After listening to the speakers from Taste Trekkers Tens that I blogged about here, all the attendees were led out of the Providence Biltmore’s Ballroom, so we can all go to the different Edible Sessions we signed up for.
The first session we went to was “Beyond the Falls: Wine and Food Adventure in Niagara” conducted by Kimberly Gunning and Steven Lovelace of Niagara Culinary Tours. They offer three walking tours – Niagara on the Lake, St. Catherine’s and Niagara Falls. Who knew Niagara’s local food scene was so fresh, eclectic and seasonal? They also talked about Icewine, one of my favorite wines. We actually have two bottles of Icewine in our wine bar. I also learned that Niagara Peninsula has the largest viticultural area in Canada that spans 13,600 acres! Who knew?
I tasted two glasses of wine. The first wine I tasted was my favorite (of course), a glass of Riesling.
The second wine I had was a glass of Cabernet Franc.
Both wines were delicious! Before we left the session hall, I took a picture of Kimberley and Steven. These two were so nice. Kimberley even extended an invitation to visit Niagara. Hubby and I went to Niagara years ago, but our focus was to see Niagara Falls. Maybe we should schedule another trip; this time, we can try the culinary delights of the area.
While waiting for the second session to begin, we caught the tail-end of the session “Family, Prosciutto and Community: The Ballad of a Third Generation Ham Salesman” with Davide Dukcevich, Co-Owner of Daniele, Inc. We didn’t taste the prosciutto, just took pictures of it.
By the way, these are the contents of the goodie bag given out.
Anyway, the second session we signed up for was “The Geography of Greek Food: Culinary Traditions of Cyclades Islands” with Ms. Thei Zervaki, food writer and journalist.
We tried Loukoumi (Greek Delight) made of water, starch and sugar and best eaten with a butter cookie.
I sampled a little bit of sweet capers, and the sharp San Mixali cheese.
This session made me want to try wines like Assyrtiko (Greek white wine), Kitro (liqueur made from leaves of the citron tree), Vinsanto Wine and Mandilaria (red wine); cheeses like Kopanisti, Graviera, Xinomizithra, Xinotiro, Manoura and Ladotyri; and sweets like Amygdalota fournou (oven-baked marzipan), Pasteli (roast caramel with sesame seeds) and Melitinia (sweet cheese pastry).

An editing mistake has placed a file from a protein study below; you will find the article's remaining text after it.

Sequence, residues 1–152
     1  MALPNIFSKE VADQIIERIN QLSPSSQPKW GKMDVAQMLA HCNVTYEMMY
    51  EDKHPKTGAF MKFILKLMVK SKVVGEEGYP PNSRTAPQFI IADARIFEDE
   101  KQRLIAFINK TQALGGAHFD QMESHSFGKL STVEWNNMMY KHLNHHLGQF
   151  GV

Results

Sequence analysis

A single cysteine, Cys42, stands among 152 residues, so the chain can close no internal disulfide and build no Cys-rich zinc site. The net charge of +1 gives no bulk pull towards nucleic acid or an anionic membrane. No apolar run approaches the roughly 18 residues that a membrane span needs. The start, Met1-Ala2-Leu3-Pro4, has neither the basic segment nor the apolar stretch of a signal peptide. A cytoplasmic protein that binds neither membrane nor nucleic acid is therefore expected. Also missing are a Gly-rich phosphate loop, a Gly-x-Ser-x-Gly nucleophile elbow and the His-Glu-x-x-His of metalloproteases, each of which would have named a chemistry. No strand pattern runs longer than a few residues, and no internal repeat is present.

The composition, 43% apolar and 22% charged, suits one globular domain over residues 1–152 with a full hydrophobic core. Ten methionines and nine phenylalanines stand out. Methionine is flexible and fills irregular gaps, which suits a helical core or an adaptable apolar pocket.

When we got to the third session, Chef Cesin Curi of Los Andes Restaurant was still there and we sampled his Causa Limena.
Our last Edible Session of the day was “The Flavors of Miami” conducted by Miami Culinary Tours. They gave us goodie bags.
Each bag had a small bottle of Merlot. They encouraged us to drink the wine during the talk.
They included a bag of canchitas. It was my first time to eat these, which seems like unpopped popcorn to me.
There was even a small piece of chocolate.
They differentiated the empanadas – Cuban, Colombian, Venezuelan and Argentinian. Mentioned guasacaca sauce. Talked about ceviche, tidarito and drinking Leche de Tigre (liquid of ceviche). They talked about the Cuban sandwich, the Cuban frita and the Guava pastelito burger.
They brought some fruits that I’ve never seen before like the tropical fruit mamey, monstera deliciosa (which supposedly tastes like a cross between a pineapple and a banana), canastra/egg fruit, passion fruit and a gargantuan plantain.
Choosing the sessions was quite a daunting task because I wanted to go to all of them. But no complaints, I learned so much from the three Edible Sessions we attended.
TO BE CONTINUED. . .